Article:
How Many Sons did Abraham have? A Look at an Alleged Bible Contradiction

Category: Bible/Christian Worldview 428 2

Genesis 22:2 says, “Then God said, ‘Take your son, your only son, Isaac, whom you love…’” Yet Genesis 16 records how Abraham became the father of Ishmael. In fact, it is in Genesis 21 (the chapter before the words “your only son”) that we read about how Ishmael was sent away from Abraham’s household. Some think that this is a contradiction. How can Abraham have two sons by the time that the events in Genesis 22 occur, yet the text specifically says that Isaac was Abraham’s only son?

The Solution

This so-called contradiction is easily solved when we pay attention to the context of the book of Genesis. First off, the Hebrew word for “only” here is yachiyd, which has the meaning of “unique” or “only begotten” (special). Isaac is the unique, special son of Abraham.[1] This fits perfectly with one of the major themes in Abraham’s story – the promise that God gave Abraham.

In Genesis 12:2-3, God promises Abraham that he would be blessed with descendants who would become a great nation. This nation (Israel) would go on to bless all peoples on the earth. This blessing to all the earth was Jesus Christ. Jesus and the nation of Israel were descended from Isaac, not Ishmael. The Hebrew mentioned above clarifies Isaac as the child of that promise. God told Abraham that Sarah would have a child in her (and his) old age. This child was Isaac. Isaac is the only son of the promise.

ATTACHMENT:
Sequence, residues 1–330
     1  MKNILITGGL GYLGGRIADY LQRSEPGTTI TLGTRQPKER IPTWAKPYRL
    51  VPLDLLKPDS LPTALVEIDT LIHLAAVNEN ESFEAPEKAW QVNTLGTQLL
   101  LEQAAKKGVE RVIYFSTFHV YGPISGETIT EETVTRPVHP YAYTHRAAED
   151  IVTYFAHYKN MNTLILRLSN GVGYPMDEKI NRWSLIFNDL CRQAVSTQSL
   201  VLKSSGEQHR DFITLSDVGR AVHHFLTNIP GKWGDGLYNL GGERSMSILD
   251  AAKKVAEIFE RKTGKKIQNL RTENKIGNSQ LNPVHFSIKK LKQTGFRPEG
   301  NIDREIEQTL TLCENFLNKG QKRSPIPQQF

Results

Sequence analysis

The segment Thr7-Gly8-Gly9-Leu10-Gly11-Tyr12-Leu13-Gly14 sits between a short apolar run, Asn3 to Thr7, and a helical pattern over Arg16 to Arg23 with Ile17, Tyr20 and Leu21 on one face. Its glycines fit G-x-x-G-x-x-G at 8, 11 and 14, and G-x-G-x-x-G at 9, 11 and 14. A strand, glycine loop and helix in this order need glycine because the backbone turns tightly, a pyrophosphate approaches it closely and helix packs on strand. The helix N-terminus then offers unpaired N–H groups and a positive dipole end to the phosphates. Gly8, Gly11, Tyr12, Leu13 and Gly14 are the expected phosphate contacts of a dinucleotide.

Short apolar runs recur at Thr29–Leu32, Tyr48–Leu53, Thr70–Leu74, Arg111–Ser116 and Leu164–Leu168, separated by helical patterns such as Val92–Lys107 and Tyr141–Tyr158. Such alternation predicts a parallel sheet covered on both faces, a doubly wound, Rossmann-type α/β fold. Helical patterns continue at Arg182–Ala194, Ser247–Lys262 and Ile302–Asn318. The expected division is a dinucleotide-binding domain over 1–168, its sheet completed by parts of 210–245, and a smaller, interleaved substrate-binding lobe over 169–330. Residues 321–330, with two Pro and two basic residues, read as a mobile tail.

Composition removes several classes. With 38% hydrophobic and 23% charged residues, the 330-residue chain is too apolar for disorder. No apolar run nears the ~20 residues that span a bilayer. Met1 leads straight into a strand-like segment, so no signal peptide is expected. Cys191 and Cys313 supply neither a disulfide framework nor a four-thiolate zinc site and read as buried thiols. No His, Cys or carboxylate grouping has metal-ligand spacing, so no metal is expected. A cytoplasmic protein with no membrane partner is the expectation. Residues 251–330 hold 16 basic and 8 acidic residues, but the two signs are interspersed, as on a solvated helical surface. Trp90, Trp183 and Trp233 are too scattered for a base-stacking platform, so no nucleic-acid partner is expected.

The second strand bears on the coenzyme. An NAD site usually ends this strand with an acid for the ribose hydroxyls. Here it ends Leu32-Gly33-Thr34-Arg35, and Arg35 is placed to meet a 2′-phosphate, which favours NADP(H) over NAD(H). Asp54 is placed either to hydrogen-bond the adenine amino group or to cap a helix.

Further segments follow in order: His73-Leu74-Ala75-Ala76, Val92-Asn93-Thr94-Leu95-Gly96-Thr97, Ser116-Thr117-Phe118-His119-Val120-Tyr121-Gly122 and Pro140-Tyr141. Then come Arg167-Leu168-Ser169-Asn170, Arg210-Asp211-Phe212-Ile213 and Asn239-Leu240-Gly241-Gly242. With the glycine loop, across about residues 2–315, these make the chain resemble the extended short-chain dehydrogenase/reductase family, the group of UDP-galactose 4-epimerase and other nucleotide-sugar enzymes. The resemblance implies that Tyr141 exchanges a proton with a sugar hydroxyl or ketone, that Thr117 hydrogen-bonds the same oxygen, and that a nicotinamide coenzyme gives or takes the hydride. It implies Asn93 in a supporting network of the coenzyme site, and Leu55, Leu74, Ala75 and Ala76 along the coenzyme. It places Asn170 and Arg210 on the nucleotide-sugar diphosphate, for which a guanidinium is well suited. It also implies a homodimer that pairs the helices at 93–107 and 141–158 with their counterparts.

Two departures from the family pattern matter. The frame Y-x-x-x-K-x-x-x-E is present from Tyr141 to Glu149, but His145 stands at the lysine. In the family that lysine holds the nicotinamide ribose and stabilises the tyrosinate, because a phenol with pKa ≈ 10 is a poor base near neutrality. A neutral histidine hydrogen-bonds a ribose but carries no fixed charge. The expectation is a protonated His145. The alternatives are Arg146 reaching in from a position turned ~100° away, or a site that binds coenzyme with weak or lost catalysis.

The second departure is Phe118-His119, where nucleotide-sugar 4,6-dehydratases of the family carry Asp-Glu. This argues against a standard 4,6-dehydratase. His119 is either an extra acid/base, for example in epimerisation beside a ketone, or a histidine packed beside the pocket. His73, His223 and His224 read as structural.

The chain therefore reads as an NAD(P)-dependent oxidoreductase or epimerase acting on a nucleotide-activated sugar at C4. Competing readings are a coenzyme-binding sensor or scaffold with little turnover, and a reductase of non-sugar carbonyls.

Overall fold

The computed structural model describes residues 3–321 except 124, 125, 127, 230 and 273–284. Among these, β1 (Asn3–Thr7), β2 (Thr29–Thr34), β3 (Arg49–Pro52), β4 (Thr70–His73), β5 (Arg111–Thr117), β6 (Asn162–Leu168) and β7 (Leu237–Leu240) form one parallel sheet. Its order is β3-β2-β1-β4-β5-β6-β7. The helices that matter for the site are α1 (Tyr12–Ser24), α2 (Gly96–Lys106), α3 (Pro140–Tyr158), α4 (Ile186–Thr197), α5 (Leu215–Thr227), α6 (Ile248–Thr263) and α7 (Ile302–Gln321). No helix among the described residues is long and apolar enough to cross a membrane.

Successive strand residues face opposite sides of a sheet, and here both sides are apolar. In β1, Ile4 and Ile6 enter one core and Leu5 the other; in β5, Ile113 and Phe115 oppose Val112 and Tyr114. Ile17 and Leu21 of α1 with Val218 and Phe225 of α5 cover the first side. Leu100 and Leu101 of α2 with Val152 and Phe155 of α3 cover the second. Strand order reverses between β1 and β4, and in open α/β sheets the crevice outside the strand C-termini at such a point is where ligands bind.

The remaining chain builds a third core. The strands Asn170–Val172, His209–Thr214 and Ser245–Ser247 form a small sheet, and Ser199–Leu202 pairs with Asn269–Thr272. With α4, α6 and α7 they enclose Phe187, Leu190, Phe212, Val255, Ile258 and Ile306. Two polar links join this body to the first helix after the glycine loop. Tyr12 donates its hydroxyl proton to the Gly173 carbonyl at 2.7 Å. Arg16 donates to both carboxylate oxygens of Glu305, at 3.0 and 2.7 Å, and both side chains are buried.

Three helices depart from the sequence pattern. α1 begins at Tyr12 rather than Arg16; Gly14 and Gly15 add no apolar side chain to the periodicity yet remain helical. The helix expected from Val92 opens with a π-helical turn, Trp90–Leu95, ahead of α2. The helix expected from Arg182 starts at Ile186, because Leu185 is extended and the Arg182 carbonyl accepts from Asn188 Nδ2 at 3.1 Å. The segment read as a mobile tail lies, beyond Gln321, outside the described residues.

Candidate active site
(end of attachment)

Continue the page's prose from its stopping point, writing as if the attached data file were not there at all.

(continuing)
I want to note, however, that this does not mean that God did not love Ishmael. Genesis 21 tells us that God actually blessed Ishmael and cared for him.


Understanding the context of any Bible passage is important. When Genesis 22 refers to Isaac as Abraham’s only son it has the meaning of Isaac as the only son of the promise that would be fulfilled through their descendants. The promise and blessing recorded in Genesis 12 did not come through Ishmael.

[1] Bodie Hodge. “A ‘Sonny’ Day.” In Demolishing Supposed Bible Contradictions. Volume 2. Ken Ham, Bodie Hodge, and Tim Chaffey. (Green Forest: Master Books, 2011). Pg. 37.

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2 thoughts on “How Many Sons did Abraham have? A Look at an Alleged Bible Contradiction

  1. Shakim Allah

    Yachiyd STILL MEANS “only one” as UNIQUE also means. Christians and word games lol..

    1. mmcclellan2

      Thanks for the comment. I agree that the word “yachiyd” has the meaning of “only.” I noted this in the article. However, my argument does not depend on a “word game” like you think. It depends upon the context in which we find the word. The context is the promise that God gave to Abraham (I noted this in the article). I am not using a “word game” but studying the topic in context.

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